Fortune’s Hand, the Triumph and Tragedy of Walter Raleigh isn’t a biography in the conventional sense of the word. It is all together something different and much, much more exciting.
It is, of course, about the meteoric rise and an equally spectacular fall of the Elizabethan adventurer, privateer, courtier and solider, Walter Raleigh. But you will find that R.N. Morris isn’t just writing about the man – in the course of the book, he becomes the man. I was astounded, as I tread deeper into his story, by how comprehensively the author managed to get inside Raleigh’s head. Or perhaps it was the other way around – perhaps it was Raleigh who possessed the writer’s mind? However it happened, the personality acquisition was complete, seemingly on a molecular level.
The fact that the book is written in the first person abets this author-to-protagonist metamorphosis. Norris is intimate with Raleigh’s innermost thoughts, his desires, his ambitions and calculations. As a reader, I trusted Norris’s interpretation of Raleigh as a rogue and chancer but also Her Majesty’s most loyal servant, brutal executioner but also a foster carer of his enemy’s disabled son, reckless hell-raiser but also a cunning political strategist.
Other characters are portrayed with similarly keen insight into both their psyche and physicality: the Queen (her manner, her scent, the sounds and vibes surrounding her), the obnoxious Lord Oxford, dr John Dee, the hostile new king, James I – a whole plethora of Elizabethan players brought to life.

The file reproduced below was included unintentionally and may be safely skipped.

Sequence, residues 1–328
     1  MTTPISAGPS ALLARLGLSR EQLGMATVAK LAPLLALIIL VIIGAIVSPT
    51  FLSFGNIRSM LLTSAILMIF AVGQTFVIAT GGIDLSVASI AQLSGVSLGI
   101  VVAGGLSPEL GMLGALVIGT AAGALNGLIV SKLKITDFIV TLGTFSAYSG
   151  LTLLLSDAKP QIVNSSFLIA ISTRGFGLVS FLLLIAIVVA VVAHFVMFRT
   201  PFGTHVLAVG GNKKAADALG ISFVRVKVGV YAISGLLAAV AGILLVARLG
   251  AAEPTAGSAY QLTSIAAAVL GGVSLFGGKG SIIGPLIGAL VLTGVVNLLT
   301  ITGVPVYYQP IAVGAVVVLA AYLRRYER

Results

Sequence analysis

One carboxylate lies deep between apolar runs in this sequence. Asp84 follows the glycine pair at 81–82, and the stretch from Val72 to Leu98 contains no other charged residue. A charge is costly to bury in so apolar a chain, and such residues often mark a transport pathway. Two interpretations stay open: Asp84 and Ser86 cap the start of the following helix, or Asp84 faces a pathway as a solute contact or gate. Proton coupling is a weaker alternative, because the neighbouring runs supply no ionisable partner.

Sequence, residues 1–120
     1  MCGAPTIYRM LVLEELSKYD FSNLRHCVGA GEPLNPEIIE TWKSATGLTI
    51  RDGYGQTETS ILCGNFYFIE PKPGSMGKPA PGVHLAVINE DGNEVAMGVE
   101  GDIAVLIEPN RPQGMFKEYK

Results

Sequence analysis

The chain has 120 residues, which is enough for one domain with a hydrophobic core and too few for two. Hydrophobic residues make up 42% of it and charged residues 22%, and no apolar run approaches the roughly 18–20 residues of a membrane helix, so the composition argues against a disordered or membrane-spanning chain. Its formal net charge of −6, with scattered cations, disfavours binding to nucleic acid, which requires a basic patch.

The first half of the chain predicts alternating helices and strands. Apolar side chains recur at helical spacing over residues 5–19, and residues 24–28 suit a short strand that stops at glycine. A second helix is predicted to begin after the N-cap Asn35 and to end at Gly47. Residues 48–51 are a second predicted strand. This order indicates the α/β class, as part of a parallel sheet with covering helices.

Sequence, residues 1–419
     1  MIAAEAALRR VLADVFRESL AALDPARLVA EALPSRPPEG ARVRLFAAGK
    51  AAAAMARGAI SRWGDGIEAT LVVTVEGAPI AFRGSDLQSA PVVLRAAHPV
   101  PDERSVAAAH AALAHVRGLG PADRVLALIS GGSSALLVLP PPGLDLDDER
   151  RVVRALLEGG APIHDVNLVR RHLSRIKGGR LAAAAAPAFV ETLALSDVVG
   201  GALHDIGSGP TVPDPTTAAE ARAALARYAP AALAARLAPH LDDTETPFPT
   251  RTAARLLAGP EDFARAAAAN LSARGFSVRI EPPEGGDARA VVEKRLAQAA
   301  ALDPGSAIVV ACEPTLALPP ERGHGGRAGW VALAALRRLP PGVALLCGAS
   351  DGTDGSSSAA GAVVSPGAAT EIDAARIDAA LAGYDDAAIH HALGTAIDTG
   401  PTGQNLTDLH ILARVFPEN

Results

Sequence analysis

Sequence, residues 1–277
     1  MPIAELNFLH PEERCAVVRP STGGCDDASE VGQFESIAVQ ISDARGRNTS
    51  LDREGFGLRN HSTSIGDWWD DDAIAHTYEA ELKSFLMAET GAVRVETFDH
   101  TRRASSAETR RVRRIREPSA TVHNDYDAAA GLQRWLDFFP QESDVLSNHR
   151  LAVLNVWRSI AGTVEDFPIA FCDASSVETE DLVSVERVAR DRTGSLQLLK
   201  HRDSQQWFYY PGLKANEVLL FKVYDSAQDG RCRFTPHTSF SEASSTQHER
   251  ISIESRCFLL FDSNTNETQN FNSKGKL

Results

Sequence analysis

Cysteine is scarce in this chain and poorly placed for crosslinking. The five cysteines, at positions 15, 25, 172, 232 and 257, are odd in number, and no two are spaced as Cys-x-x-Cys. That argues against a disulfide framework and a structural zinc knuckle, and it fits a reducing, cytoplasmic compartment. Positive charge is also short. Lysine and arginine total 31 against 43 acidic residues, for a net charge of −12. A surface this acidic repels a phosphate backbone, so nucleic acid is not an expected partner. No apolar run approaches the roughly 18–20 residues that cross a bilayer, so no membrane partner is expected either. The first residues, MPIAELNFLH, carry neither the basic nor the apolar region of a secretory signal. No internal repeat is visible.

Events aren’t described linearly, but in carefully selected sections that are put under a magnifying glass and dissected before the reader’s eye. Some of them are drawn in such intense and lyrical prose that you will feel as if you are swept into it and drown in it, only to be catapulted to the surface. The language is raw in places, and thus authentic without being pretentious.
Fortune’s Hand By R.N Morris has been quite a discovery for me, prompted by a friend’s recommendation for which I cannot be grateful enough. If you enjoy all-encompassing historical tour de force this book is for you.